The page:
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Libyan Fallout and the Humanitarian Question

Over at The New Republic, former Mossad chief Efraim Halevy echoes Via Meadia‘s contention that the messy intervention in Libya hasn’t made the task of U.S. foreign policy makers any easier:

As Barack Obama and Benjamin Netanyahu meet today, the bitter lessons of the Libyan campaign will hover in the background. In light of the Libyan experience, what nuclear aspiring nation can now put its trust in a rollback deal of any sort? When NATO took to the skies over Tripoli, Benghazi, and Misrata, it delivered the greatest possible blow to future non-proliferation diplomacy. . . .

Worst of all, the Libyan experience has already compromised—for the moment, at least—any chance that international coalitions can be assembled and maintained to deal with the Iranian nuclear threat and the Syrian crisis.

Read the whole thing. Via Meadia sheds no tears over the departure of the Great Loon. But the unforeseen consequences of that intervention illustrate what happens when you do the right thing at the wrong time or in the wrong place.

There are many other calls on the US and its allies for humanitarian intervention, and many more will arise. We cannot and should not say yes to them all but there are times when our interests and/or our values demand a response. As a country, we need to think this through.

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  • Jbird

    unforeseen? I seem to remember reading these exact criticisms and more at the time of the intervention.

  • Mrs. Davis

    As a country, we need to think this through.

    Before November.

  • Kris

    Jbird@1: “They have eyes, but do not see.”

  • Stephen Houghton

    Yes, I made that criticissm at the time and I pointed out that we were violating the dictum of Fredrick the Great that, “One should not break ones word unless it is greatly to ones advantage and for that happen one must have a reputation for very great probity.”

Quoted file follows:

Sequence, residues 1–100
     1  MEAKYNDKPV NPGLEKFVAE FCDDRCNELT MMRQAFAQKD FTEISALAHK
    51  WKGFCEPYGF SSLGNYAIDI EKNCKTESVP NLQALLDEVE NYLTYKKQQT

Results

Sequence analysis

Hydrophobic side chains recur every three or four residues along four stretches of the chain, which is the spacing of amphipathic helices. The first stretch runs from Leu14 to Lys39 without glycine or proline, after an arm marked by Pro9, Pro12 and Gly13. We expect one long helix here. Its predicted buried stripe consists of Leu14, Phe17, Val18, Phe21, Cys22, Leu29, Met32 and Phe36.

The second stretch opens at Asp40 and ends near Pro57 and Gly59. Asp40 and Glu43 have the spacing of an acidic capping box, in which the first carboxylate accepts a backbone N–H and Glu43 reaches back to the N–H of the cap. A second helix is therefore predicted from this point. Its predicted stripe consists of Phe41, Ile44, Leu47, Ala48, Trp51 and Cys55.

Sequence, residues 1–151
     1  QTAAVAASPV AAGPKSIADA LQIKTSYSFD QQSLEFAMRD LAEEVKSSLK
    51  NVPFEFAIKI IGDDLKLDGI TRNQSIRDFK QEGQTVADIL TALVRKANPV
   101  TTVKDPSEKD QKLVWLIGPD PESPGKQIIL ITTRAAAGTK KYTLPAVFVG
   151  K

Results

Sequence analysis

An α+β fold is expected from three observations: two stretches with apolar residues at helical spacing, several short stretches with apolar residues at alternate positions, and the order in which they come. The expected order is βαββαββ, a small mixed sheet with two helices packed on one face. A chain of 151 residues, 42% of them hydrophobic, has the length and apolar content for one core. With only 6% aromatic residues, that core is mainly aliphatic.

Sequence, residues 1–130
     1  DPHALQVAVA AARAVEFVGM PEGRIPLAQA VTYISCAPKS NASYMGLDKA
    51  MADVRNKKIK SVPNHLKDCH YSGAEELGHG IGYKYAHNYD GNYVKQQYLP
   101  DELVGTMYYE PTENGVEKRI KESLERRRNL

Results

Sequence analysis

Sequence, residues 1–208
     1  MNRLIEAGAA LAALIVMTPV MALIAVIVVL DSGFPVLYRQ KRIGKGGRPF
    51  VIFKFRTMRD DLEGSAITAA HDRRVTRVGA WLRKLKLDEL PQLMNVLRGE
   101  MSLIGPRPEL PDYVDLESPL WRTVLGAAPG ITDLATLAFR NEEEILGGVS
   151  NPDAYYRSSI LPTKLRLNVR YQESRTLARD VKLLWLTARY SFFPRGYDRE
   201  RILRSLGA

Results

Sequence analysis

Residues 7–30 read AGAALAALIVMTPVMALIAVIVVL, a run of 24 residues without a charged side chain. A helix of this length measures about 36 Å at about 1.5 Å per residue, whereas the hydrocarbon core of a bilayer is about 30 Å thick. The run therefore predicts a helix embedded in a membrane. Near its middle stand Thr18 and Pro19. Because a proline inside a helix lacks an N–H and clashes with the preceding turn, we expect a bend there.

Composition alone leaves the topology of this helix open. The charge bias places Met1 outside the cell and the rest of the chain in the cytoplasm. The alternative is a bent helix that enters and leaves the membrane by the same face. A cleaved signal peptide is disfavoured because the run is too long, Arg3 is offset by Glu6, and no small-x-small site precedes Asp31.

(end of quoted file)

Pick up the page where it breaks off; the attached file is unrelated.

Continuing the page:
• alex scipio

    American should be ready to intervene – after serious thought and consideration by adults – NOT Baby Boomers – in WESTERN affairs. We don’t understand the other cultures of the world and there is NOTHING in most of them worth a single American life.

    If France or Germany or the UK or Australia or Japan, etc., ask for our help, cool. Everyone else? NOT OUR PROBLEM.

  • Stephen

    Tsk, tsk, tsk. Walter are you not aware of NATO’s great victory in Libya? Haven’t you read the lead article in your copy of the March/April ed. of Foreign Affairs? Why, Daalder and Savridis is just pleased as punch with the Libyan intervention, cf “NATO’s Victory in Libya”. Why it’s written right there that “by any measure, NATO succeeded in Libya”; any measure…

  • Fred

    Not quite Alex. True the inhabitants of the Middle East aren’t worth the loss of American equipment, much less American lives. But the oil is. Horrible as that sounds, think how much more horrible a shutoff of Middle Eastern oil or control of most or all of it by some mad Arab or Persian dictator (redundant, I know) would be.

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